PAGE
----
What’s ailing my child? Is it Environmental Illness?

Sometimes a child just doesn’t feel or act right. He may complain about feeling sick; he may misbehave in school, appear hyperactive or whine about being tired.  Some children complain that they can’t concentrate in their classrooms; others seem to complain more at home.  Parents may suspect medical or emotional factors underlying a child’s dis-ease.  But there is another avenue to explore: these children may be suffering from an environmental illness.

 

Environmental illness (EnI – not to be confused with Emotional Intelligence) is a name for a variety of medical and/or neurological problems that can affect almost any area of the body.  In addition to typical allergy symptoms such as asthma, hay fever and itchy skin, EnI sufferers most often have some combination of health problems such as headaches, extreme fatigue, hyperactivity, pain in muscles, legs or joints, persistent bowel (digestive) problems, bad breath, constant stuffy nose, irritating twitches, wiggling legs and/or a wide range of neurological problems ranging from ‘brain fog’ to depression.

 

There are many factors in schools and homes that can contribute to EnI.  We tend to be familiar with the dangers of asbestos and lead but less aware of the potential impact of poor air quality due to dust, moulds or chemical pollution in and around a building.  Chemical pollution results, amongst other things, from pesticides, car exhausts, paint, new carpets, cleaning products, disinfectants and even perfume.  Other factors include foods and beverages as well as seasonal pollen.  Any of these factors, whether alone or in combination, can unquestionably trigger serious health, behaviour and academic problems[1]

 

Who is most likely to be affected?

 

Most of us spend time in offices, homes or other indoor environments and are exposed to air-borne pollutants both inside and outside the buildings.  We seem to cope and are healthy so are concerns about EnI valid or scaremongering?  In response to such criticism, we could look at the statistics and wonder why so many children suffer from allergies and asthma; why so many are found to lack the ability to concentrate and learn efficiently at school; why so many are compelled to take supplements and medications to help them. 

 

The number of children is growing and those who show the signs of EnI are most often those with known allergies or allergic relatives.  They typically suffer from hay fever, eczema or hives and may fall ill easily because their immune systems are not able to cope with offending substances.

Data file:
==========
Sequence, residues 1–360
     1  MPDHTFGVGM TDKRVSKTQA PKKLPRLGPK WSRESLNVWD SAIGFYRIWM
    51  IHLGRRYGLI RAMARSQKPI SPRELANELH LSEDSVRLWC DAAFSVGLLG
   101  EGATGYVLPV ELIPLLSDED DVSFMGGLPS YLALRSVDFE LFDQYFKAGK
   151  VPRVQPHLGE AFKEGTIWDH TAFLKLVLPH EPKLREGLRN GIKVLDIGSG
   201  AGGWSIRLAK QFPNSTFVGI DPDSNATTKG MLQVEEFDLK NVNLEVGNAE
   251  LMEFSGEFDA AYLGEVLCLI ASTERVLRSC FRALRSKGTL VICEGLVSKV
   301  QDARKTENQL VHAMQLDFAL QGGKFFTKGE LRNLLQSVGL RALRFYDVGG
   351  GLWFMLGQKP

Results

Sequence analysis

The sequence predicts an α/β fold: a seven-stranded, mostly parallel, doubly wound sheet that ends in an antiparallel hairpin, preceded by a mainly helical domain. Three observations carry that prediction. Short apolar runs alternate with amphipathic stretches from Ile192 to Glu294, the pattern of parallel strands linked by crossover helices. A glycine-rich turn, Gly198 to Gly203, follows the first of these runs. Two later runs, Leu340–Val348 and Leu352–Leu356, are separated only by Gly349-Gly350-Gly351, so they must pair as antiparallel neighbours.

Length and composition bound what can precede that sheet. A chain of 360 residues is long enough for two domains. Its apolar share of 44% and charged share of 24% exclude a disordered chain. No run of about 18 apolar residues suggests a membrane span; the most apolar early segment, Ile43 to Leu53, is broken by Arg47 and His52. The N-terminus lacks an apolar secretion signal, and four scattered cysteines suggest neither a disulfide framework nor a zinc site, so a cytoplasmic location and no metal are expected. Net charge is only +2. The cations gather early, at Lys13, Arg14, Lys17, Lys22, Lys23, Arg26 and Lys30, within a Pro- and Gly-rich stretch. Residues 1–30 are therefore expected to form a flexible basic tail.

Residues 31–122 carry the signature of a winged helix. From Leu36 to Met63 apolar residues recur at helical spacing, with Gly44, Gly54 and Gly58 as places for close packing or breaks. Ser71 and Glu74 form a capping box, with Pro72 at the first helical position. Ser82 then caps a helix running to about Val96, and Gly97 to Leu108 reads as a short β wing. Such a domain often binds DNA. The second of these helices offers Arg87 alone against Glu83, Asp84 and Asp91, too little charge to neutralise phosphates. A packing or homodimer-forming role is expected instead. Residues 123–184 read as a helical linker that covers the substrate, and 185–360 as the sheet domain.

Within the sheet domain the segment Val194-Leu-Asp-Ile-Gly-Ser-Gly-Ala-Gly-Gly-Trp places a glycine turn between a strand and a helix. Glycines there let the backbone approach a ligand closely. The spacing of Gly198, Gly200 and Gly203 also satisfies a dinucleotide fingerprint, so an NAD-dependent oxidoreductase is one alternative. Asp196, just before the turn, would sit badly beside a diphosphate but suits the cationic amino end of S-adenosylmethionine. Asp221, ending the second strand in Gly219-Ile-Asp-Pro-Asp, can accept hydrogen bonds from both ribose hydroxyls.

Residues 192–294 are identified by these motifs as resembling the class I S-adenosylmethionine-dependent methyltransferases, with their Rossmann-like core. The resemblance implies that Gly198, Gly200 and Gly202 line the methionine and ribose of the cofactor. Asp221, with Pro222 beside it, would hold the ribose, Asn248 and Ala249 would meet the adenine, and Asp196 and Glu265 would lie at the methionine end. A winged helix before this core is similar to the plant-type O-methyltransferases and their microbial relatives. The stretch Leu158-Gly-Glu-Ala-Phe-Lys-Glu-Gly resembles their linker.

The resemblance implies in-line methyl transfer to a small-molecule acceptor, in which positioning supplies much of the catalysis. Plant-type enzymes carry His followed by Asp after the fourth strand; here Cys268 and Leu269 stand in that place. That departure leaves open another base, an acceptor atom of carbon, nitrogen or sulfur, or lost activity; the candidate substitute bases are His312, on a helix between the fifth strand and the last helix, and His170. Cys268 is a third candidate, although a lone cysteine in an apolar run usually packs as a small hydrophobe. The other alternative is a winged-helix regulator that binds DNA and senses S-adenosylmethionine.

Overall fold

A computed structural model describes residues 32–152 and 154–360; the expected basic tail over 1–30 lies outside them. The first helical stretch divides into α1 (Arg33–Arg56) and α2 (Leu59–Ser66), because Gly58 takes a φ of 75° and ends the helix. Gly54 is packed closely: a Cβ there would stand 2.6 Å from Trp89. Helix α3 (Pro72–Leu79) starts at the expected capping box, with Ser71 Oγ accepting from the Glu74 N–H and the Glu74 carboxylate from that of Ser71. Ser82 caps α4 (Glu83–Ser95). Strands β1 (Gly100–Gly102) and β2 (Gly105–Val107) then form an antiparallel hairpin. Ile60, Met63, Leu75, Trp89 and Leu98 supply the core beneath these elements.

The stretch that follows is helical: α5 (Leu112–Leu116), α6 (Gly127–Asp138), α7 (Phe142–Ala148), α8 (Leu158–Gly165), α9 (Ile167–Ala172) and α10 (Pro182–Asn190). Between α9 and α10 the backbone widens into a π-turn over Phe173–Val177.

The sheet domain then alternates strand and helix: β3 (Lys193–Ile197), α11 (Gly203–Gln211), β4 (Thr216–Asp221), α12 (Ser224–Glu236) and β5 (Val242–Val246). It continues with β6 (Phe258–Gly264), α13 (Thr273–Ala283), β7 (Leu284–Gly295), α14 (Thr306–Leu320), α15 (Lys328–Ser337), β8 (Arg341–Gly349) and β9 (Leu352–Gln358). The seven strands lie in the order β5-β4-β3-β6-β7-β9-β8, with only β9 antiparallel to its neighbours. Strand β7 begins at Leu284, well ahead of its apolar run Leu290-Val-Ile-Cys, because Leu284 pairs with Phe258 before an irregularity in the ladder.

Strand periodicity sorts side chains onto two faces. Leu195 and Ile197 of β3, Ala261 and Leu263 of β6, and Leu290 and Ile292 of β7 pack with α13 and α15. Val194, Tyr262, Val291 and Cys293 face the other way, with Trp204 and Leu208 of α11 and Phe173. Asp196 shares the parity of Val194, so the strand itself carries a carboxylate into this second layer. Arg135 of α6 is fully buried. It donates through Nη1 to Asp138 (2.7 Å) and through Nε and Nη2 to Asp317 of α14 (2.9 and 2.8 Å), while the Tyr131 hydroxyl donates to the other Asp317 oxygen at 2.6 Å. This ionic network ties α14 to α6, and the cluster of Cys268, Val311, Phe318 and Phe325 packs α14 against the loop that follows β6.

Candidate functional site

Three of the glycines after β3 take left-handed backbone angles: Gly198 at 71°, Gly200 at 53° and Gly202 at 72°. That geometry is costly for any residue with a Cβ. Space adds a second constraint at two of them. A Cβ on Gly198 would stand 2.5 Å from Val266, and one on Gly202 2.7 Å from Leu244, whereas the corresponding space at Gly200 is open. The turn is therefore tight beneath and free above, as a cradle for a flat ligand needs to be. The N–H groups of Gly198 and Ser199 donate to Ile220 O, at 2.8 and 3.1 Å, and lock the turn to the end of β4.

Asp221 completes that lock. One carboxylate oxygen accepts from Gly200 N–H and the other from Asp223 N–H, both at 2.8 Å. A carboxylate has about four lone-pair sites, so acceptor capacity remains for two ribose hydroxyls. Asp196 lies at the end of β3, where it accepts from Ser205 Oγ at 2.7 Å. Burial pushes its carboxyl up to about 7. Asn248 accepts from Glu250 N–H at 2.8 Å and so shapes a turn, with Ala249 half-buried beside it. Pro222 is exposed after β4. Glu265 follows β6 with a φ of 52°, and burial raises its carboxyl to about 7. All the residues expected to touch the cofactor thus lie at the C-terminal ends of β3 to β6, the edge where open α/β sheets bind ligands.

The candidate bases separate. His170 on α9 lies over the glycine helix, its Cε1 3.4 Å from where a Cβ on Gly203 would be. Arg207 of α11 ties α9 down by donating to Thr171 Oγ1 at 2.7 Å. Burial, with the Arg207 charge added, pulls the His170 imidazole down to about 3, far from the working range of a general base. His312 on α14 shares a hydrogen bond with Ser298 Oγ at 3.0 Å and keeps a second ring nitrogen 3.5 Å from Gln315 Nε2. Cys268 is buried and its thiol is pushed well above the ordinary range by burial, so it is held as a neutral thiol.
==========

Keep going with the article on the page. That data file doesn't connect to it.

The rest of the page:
Many have:

  • A history of health problems, sometimes dating back to infancy
  • Sudden inexplicable changes in how they feel, look, act, write or draw
  • Erratic school performance; sometimes able to learn and remember and at other times find it very difficult

 

What to do if you suspect EnI?

 

Children with EnI problems can be helped to overcome them.  Sometimes huge improvements can happen at any age, in a few hours or days.  What needs to be done is to get help in identifying the culprit.  For this, it is highly recommended that you consult a Functional (or Integrative) Medical practitioner.  They will spend considerable time with you to try to establish whether EnI is present in your child and, if so, what to do about it. 

 

Typical ways to address problem areas are:

  • Making a few simple changes in school, home or work area
  • Avoiding obvious adverse chemical exposures
  • Following an allergy diet
  • Improving nutrition
  • Treating yeast overgrowths and other digestive tract issues

 

The good news is that children tend to bounce back fairly quickly when their chemically sensitized bodies are helped to avoid offending substances.  Their immune systems are more resilient than adults so they respond faster to appropriate therapies.

 

If you are truly concerned by your child’s actions and suspect that his or her health is not what it should be, yet your GP finds nothing significant to explain it, you may be rewarded by thinking a little ‘out of the box.’

 

Integrated Learning Therapy (ILT) addresses learning and behavioural concerns by looking for all possible underlying causes of a child’s challenges. Visit our website to find out more about our approach. www.ilt.co.za.

 

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[1] Rapp, D.J. MD. Is this your child’s world? 1996. New York: Bantam Books.

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